BPM, like ERP, is more a value proposition than a market but back when there were many pureplays, at least you could measure it like a market.
So there's very little left to measure. BPM is now basically a feature of everyone's middleware (or application set depending on your definition). That's everyone from the big four plus across the alphabet from Adobe (ADBE) to EMC to TIBCO (TIBX).? It's easier to say who doesn't have a BPM play: Symantec (SYMC), BMC, and the company formerly known as Computer Associates.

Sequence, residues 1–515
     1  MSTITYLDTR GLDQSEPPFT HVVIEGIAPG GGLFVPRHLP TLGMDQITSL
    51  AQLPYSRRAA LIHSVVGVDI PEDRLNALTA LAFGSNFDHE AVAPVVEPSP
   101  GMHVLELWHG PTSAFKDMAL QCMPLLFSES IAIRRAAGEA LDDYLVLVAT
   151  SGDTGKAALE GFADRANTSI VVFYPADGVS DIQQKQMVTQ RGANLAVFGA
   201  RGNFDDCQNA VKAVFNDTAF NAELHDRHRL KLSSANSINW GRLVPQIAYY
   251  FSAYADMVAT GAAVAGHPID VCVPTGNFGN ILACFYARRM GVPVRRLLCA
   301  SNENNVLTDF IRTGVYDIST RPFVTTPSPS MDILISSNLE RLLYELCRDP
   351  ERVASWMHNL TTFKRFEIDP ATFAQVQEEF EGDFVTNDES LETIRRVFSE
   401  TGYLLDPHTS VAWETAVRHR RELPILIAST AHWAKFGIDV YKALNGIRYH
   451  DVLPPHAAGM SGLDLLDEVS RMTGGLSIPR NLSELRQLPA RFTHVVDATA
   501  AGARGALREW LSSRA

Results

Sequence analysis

Well, as I wrote back then, BPM is hardly dead.
2-3 years on, BPM is kicking. Pega and IBM are making interesting acquisitions and investments around BPM.? Appian is reporting record quarters.? And BP3 has grown 145% since then, entirely focused on BPM.
The best part:
That means, if you like BPM as an investment idea, invest in Microsoft.
No, if you like BPM as an investment idea, invest in the companies that are investing in themselves through BPM.? They're doing well in the marketplace. That Microsoft investment wouldn't have worked out too well for you. If you want to invest in a BPM software company, I guess we'll have to wait for one of them to go public...
(or you'll need to be an angel investor or VC)